One of the greatest causes of our unhappiness, stress, and anger, in fact just about every bad feeling is lack of acceptance.
We want things to be different.
We don& want them to be the way they are…
If you want to have any sense of peace and joy in your life then you must learn acceptance.
Accepting that things are the way they are does not mean that you have to tolerate that they continue this way.
Accepting that things are the way they are does not mean that you approve of what happened to make them this way.
What acceptance does is it frees you from the emotional burden caused by wanting the present to be different…
…and allows you to use all your energy on creating the future the way you want it to be.
There are many things in everyone’s life that shouldn’t have happened. They did. Accept it. You cannot “unhappen” it.
What you can do is to take steps to ensure that it doesn’t happen again.
There are many things in everyone’s life that should have happened. They didn’t. Accept it. You cannot go back and “happen” them.
What you can do is take steps to do the things you know you should do.
In the present moment… breath.
Graham Hill: Less stuff, more happiness | Video on TED.com
TED Talks Writer and designer Graham Hill asks: Can having less stuff, in less room, lead to more happiness? He makes the case for taking up less space, and lays out three rules for editing your life….
The biggest insight I got was that it all boils down to this:
- Each of us wants to feel appreciated and validated
- We are trying to let that person acknowledge us
- We are trying to let that person value what we contribute
How many times have we done something or sacrificed something for our significant other, only to feel hurt when they don’t see the value. Expressing appreciation is something so simple and powerful… and it doesn’t cost us anything.
Of course, your ego is going to paint you the victim here… but as with everything that has harmony and balance, it works both ways.
You must express appreciation and acknowledge the contributions of your other half…
Two years ago I was a bachelor spending my days doing whatever at a whim. I was a good zennist, finding tranquility in the complete quiet of solitary life.
Now I’m a husband to a beautiful wife, a father to three beautiful girls, and the caretaker of a mind full of chatter and unrest.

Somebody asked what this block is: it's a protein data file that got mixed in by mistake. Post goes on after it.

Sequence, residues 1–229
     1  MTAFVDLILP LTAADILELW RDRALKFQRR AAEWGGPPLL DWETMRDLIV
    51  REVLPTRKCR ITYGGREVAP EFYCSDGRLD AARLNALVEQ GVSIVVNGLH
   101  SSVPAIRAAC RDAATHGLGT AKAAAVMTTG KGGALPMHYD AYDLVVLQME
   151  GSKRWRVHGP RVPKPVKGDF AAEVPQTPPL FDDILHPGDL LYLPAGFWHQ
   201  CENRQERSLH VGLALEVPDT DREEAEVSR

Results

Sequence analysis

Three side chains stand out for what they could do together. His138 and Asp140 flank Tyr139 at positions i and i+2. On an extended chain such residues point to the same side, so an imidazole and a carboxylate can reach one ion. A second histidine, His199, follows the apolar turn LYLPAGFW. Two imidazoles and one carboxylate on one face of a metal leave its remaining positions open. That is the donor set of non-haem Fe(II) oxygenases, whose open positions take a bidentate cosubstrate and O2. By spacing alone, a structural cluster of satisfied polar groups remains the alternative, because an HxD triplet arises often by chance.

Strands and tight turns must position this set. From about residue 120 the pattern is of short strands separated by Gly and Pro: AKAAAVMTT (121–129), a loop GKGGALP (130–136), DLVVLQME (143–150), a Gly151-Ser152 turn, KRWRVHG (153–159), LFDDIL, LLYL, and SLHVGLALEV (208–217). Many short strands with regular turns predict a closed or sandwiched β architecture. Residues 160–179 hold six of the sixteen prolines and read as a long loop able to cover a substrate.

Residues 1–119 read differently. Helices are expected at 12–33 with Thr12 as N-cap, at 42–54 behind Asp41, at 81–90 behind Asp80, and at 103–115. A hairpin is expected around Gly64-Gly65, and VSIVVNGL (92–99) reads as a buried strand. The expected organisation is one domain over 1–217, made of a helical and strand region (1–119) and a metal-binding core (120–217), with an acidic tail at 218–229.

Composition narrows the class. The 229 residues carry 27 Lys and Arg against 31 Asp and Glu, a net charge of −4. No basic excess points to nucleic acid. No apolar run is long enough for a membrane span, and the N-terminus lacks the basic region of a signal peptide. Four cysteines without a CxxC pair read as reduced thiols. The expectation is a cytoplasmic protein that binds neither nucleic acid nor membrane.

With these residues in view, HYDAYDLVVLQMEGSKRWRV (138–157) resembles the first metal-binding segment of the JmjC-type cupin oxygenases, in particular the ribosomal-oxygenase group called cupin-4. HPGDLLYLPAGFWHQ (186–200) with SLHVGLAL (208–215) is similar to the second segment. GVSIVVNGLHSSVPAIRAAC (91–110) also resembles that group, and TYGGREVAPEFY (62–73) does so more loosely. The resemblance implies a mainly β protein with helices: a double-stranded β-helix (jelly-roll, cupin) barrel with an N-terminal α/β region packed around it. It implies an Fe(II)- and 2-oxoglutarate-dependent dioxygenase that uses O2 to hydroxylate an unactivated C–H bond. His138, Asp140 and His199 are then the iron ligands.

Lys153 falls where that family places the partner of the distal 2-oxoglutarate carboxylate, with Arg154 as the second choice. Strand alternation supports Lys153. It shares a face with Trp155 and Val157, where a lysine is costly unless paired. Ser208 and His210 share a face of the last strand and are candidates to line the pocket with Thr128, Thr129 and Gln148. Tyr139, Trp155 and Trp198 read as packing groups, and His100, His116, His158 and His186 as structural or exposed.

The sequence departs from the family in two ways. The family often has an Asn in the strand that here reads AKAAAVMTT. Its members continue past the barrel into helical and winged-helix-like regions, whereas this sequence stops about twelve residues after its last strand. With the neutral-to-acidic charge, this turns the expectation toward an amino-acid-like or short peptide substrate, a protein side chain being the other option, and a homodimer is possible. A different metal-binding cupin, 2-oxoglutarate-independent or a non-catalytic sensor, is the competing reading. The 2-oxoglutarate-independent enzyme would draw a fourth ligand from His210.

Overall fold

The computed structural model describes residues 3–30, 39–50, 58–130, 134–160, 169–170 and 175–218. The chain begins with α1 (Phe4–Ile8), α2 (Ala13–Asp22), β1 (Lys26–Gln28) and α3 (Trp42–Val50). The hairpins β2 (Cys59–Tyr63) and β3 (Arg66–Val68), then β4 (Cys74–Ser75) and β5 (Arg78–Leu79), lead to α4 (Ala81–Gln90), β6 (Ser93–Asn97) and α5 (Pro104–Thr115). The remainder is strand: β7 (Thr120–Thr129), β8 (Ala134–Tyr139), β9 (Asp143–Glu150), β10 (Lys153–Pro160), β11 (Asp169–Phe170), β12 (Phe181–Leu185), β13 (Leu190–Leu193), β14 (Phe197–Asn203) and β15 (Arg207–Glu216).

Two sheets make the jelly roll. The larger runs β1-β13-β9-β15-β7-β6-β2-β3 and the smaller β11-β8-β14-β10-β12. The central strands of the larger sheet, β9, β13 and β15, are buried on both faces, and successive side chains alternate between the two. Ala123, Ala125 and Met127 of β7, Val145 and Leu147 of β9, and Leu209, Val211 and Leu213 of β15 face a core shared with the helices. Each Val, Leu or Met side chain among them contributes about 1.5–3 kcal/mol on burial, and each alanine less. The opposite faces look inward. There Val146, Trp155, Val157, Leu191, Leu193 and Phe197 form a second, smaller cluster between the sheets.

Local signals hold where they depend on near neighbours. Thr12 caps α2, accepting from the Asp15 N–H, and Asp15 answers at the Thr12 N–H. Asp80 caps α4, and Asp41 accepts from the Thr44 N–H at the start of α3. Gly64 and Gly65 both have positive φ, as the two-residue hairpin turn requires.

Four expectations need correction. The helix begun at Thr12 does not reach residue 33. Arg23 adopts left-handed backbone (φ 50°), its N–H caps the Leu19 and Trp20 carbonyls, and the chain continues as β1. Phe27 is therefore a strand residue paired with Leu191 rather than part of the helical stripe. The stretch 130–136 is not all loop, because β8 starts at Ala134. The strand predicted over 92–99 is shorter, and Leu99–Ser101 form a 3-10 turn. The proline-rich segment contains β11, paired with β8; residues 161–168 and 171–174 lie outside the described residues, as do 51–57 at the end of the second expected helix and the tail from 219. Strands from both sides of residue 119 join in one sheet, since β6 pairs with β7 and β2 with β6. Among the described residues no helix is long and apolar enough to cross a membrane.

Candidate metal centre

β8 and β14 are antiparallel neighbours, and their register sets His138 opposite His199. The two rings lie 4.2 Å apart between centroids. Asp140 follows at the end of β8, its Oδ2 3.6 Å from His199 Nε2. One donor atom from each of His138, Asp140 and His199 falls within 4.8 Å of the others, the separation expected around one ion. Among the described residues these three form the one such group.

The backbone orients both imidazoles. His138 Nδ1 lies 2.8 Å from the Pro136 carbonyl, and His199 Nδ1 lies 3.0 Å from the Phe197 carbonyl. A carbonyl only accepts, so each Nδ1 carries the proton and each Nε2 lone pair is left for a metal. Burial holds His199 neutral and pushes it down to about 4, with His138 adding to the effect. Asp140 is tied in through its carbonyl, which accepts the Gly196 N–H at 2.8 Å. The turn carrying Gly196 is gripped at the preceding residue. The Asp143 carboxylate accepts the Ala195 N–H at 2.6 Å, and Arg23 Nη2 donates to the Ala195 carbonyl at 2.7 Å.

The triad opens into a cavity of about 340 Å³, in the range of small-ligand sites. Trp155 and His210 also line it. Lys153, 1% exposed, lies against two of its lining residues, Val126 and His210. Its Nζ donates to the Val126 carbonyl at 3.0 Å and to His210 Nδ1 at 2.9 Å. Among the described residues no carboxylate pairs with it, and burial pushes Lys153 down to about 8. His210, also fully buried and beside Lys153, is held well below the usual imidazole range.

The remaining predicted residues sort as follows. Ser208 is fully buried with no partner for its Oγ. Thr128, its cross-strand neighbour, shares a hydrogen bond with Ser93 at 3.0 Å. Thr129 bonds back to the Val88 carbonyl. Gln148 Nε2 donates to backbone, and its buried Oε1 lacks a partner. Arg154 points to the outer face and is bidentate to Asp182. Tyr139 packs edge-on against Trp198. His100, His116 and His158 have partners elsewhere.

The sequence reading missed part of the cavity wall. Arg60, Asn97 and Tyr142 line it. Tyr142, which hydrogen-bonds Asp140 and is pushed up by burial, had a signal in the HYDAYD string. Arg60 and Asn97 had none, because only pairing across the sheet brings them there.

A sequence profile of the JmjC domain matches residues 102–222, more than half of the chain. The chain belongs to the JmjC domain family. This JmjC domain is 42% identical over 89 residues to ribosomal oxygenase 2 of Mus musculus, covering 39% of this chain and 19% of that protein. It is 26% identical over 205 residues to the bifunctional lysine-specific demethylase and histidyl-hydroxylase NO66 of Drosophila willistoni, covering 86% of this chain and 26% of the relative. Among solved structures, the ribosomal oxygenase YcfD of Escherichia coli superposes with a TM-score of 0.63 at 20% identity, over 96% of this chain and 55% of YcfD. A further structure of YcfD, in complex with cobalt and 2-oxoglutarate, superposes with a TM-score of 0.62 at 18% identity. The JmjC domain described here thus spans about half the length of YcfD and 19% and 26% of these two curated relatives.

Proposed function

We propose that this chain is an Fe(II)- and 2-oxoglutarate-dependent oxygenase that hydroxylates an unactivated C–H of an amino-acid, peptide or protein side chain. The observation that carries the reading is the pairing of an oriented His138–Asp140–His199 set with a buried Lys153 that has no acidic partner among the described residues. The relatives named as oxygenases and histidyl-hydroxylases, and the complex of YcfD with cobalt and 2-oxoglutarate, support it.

I now realize that I wasn’t a good zennist… I was cheating. It’s easy to be at peace and meditate when you have nothing to be responsible for and and nobody else to consider. But throw in the non-stop noise from a 6 year old girl and the unyielding pressures of supporting a family of five… well, my friend… even a zen master would start twitching regularly while conversing with his ego about the nature of sanity.
You know what, sanity is completely over-rated… just let go of the notion that you gotta hold on to sanity… it’s futile. Let go of sanity… be insane. Embrace your insanity… then just let go of it.
It’s still a daily struggle to find that tranquility, to let go of the anxieties and find that mental balance of non-judgmental being. The one thing I realize now and then is that all our anxieties and unrest are 100% in the mind. It’s possible to let go of them and feel that blissful detachment while taking steps to meet your real obligations.
I’m reminded of a book I haven’t read but has a great title: Don’t Sweat the Small Stuff–and it’s all small stuff
Two men, both seriously ill, occupied the same hospital room. One man was allowed to sit up in his bed for an hour a day to drain the fluids from his lungs. His bed was next to the room’s only window. The other man had to spend all his time flat on his back.
The men talked for hours on end. They spoke of their wives and families, their homes, their jobs, their involvement in the military service, where they had been on vacation. And every afternoon when the man in the bed next to the window could sit up, he would pass the time by describing to his roommate all the things he could see outside the window.